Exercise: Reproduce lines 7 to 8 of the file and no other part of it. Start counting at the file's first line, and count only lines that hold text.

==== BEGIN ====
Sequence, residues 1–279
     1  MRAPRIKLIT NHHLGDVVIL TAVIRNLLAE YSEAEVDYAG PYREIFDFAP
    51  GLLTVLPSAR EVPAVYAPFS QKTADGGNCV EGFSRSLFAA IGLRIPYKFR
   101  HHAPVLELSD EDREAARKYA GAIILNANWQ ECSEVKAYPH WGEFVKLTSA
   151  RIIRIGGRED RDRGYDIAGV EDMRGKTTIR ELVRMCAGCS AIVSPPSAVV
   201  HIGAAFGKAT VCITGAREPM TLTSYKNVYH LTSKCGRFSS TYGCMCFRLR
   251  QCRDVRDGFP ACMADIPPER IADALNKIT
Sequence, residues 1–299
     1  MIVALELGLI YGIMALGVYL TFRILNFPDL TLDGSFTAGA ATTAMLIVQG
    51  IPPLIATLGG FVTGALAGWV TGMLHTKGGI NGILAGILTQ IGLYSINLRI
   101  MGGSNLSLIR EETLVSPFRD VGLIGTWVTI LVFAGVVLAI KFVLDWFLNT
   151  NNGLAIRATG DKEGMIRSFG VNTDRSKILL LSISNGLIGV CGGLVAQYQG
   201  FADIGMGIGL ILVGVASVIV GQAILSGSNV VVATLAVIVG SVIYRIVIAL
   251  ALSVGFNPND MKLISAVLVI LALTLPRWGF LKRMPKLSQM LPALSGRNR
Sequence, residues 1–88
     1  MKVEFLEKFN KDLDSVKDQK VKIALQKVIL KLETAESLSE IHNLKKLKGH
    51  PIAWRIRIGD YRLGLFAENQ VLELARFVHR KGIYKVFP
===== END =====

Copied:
   251  QCRDVRDGFP ACMADIPPER IADALNKIT
Sequence, residues 1–299